Hazel Smith, 83, Matriarch of Country Music, Is Dead
By BILL FRISKICS-WARRENMARCH 22, 2018
Hazel Smith with the country singer Wynonna Judd. CMT
NASHVILLE — Hazel Smith, the Nashville music industry matriarch credited with coining the phrase “outlaw country” to describe the unvarnished alternative to mainstream country music, died here on Sunday. She was 83.
Her death, at Skyline Medical Center, was caused by heart failure, her son Terry said.
In 1973, while working as a publicist for the vocal group Tompall and the Glaser Brothers, Ms. Smith received a query from a radio station about what to call the rugged, rock-influenced country music then being made by Waylon Jennings, Willie Nelson, the Glasers and others.
Her response, inspired by the title of Mr. Jennings’s recent hit single, “Ladies Love Outlaws,” was “outlaw music.” The phrase gained traction, and by 1976 — the year RCA released the million-selling album “Wanted! The Outlaws,” featuring Mr. Jennings, Mr. Nelson and others — a movement was born.
Ms. Smith’s legacy, though, extended well beyond her timely knack for nomenclature. Her nearly five-decade career in country music encompassed everything from songwriting and journalism to artist management and radio and television work.
Along the way she became a respected tastemaker, a trusted confidante of musicians and a prototype for women aspiring to break into the male-dominated country music industry.
“Hazel was one of the female pioneers in country music journalism,” said Beverly Keel, chairwoman of the department of recording industry at Middle Tennessee State University. “She was so strong in her opinions and her views, and she didn’t hold anything back. She championed what she believed in — which was traditional country music — and she wasn’t afraid to blast what she didn’t like, in print or to somebody’s face. She was the moral conscience of country music.”
Lamenting the state of country music in a 1997 interview with the weekly publication Nashville Scene, Ms. Smith observed: “We’ve got people writing songs who have college degrees. There ain’t nothing wrong with education, but I’d rather hear a song with feeling to it than a bunch of educated words written from the neck up that had no feeling at all.
Ms. Smith with Garth Brooks. She was credited with helping his career as well as those of many other country stars. CMT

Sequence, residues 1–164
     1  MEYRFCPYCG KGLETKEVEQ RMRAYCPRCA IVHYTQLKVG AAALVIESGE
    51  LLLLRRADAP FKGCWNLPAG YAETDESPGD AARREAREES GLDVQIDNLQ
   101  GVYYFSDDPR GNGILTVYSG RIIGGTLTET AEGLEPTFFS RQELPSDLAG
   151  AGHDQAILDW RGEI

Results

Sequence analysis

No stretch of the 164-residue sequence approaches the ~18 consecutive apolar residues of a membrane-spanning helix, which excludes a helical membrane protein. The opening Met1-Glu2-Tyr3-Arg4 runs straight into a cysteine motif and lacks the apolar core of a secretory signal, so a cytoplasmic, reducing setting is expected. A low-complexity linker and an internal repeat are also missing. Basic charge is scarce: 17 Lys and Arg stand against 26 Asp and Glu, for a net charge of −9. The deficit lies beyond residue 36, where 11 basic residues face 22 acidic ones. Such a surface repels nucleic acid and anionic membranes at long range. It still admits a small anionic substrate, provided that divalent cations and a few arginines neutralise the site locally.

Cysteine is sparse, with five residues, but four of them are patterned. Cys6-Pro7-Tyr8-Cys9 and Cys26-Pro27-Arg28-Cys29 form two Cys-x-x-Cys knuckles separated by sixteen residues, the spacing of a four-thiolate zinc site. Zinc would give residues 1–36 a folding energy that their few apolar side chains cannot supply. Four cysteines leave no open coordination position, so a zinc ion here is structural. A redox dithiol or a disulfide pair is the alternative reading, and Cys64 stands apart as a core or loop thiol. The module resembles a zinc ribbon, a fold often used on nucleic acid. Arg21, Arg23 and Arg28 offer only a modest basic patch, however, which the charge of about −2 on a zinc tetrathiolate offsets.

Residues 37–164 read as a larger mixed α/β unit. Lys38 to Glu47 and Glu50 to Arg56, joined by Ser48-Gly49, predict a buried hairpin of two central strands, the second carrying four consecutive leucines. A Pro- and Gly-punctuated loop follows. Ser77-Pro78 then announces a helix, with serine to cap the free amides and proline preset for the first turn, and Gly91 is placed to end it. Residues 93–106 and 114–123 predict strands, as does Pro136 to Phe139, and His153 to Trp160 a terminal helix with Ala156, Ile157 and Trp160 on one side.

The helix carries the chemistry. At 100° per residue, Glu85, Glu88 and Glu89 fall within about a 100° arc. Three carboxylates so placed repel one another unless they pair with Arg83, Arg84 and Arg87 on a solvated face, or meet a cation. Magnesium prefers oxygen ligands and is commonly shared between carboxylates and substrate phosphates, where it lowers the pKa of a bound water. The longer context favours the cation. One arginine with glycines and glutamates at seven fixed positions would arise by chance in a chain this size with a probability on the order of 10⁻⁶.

“The songwriters now come dragging in about 9:30 a.m. wearing clean clothes,” she went on to say, alluding to the corporate approach to country songwriting prevalent in latter-day Nashville. “They’ve slept all night in their very own bed in their very own home beside their wife and not somebody else’s wife. They haven’t been chasing somebody at the Holiday Inn. I don’t know how they get their material.”
Hazel Ruth Boone was born on May 31, 1934, in Caswell County, N.C. Her parents were farmers, and her father worked for a time as the local sheriff.
After she graduated from high school, Ms. Smith worked in a hosiery mill and, later, for a tobacco company. She married at age 19 and had her son Terry and another son, Billy, while in her 20s. Her husband, Patrick Smith, played banjo and fiddle and encouraged their boys to become musicians, which they did, growing up to play country and bluegrass professionally as a duo.
Shortly after she and her husband divorced, Ms. Smith met the bluegrass patriarch Bill Monroe at a music festival in North Carolina. She and Mr. Monroe began a romantic relationship that both parties wrote songs about, most notably Mr. Monroe’s “Walk Softly on This Heart of Mine.” It became a Top 40 country hit for the Southern rock band the Kentucky Headhunters.
Ms. Smith and her sons moved to Nashville around 1970. She found a job there as a publicist for the iconoclastic Texas singer-songwriter Kinky Friedman. She also did publicity for the Glaser Brothers and, by the late 1970s, was working for the rock band Dr. Hook & the Medicine Show, which recorded several of her songs.
Ms. Smith also began writing a popular column for Country Music magazine in the late ’70s, and she played a significant role in the development of the careers of several major artists, including Garth Brooks and Brad Paisley.
Ms. Smith was host of CMT.com’s “Hot Dish” program, a popular country news and cooking show, and in 2001, she published the cookbook “Hazel’s Hot Dish: Cookin’ with Country Stars,” which featured contributions from Mr. Brooks, Trisha Yearwood and Alan Jackson, among others.
Ms. Smith is survived by her sons; her brothers, James Daniel Boone and William Henry Boone — the family traces its lineage to the frontiersman Daniel Boone — six grandchildren, and one great-grandchild.
“What set Hazel apart was her voice and her opinions,” Ms. Keel said. “Women coming up the ranks after her tried to fit in. Hazel never tried to fit in, and that’s what made her unique. I hope that that’s a message that will resonate with young women today.”